Within this framework, the book of values is relatively different, which makes it a point of concern. The Ministry of Education has entrusted the teaching of this curriculum to the teachers of the Arabic language. In addition, the timetable for applying the curriculum has been prepared by the head of the Arabic Language and Religious Education Department at the Centre for the Development of Curricula and Educational Materials.
Ministerial Decree 194/ 2020 sets the quorum for teaching the third-grade curriculum once a week, equivalent to two periods, which are cut off from the quorum specified for the Arabic language periods. This raises a number of questions regarding how to compensate the Arabic language curriculum for the time spent in favour of the values curriculum, especially in light of the reduction of school year days due to the Covid-19 crisis.
From indoctrination to introspection of values
The book “Values and Respect for Others” relies in teaching values on the trait approach. It promotes the teaching of pre-defined traits, and behaviours as absolute values. The only problem is that teaching values according to this approach may enhance students’ tendency to make judgments.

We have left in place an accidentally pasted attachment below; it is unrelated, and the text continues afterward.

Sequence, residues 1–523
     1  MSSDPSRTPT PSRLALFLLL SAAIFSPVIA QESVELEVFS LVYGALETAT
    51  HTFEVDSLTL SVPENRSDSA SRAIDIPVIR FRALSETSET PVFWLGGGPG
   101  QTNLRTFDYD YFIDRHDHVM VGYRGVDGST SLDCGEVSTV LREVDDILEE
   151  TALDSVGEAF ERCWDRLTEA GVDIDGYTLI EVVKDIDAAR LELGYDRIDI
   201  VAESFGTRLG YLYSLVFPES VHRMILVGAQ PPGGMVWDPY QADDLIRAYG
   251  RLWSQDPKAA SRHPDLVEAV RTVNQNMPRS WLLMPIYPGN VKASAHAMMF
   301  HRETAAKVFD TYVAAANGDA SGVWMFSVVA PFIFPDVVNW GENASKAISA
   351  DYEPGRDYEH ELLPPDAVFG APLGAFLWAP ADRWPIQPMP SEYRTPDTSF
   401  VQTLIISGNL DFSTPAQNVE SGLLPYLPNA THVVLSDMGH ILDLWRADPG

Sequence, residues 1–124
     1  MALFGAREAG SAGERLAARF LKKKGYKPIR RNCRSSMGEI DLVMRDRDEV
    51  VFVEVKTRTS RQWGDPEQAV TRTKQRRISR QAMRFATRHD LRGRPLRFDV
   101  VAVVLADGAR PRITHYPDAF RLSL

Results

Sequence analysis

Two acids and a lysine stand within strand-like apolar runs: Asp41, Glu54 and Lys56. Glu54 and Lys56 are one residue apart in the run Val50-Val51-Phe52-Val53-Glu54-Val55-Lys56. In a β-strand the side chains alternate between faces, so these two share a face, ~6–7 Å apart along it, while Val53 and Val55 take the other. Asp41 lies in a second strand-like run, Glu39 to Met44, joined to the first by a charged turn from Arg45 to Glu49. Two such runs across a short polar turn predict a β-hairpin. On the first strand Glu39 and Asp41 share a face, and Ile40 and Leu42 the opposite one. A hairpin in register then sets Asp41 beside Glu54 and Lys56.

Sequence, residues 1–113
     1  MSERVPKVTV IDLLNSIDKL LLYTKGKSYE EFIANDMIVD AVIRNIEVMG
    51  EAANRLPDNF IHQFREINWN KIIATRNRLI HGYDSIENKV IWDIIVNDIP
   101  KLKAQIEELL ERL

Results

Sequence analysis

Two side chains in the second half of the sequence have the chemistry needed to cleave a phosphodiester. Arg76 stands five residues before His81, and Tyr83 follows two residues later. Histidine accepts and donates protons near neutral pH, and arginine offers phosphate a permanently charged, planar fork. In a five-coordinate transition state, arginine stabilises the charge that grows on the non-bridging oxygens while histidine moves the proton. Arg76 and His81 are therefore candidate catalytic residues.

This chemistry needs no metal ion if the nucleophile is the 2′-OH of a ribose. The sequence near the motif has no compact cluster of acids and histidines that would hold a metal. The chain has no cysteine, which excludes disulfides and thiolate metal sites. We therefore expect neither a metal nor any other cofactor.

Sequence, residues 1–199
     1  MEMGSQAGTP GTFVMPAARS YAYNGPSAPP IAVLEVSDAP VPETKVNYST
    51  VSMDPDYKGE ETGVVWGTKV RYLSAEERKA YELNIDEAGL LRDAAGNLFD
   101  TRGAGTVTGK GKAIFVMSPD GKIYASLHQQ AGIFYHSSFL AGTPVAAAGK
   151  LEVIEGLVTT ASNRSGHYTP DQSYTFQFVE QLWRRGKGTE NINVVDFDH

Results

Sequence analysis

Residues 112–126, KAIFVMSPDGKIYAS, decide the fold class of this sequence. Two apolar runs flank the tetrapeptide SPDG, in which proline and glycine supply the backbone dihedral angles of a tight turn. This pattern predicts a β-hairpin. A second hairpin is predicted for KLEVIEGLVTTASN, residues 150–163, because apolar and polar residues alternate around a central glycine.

The balance between motivating teachers’ values to become role models and enhancing students’ critical thinking skills is important for teaching values. A more integrated approach to instilling and developing values, or ethical education, means motivating the values of the teachers themselves to be role models, as well as promoting critical thinking skills, by applying teaching strategies that achieve communication, and by increasing student engagement.
The approach to the development of values in education has long been called the hidden approach, based on the role of the teacher as a role model, which is the source of wisdom for the student through the learning process and the practice of school activities automatically for the learner and planned in advance by the teacher.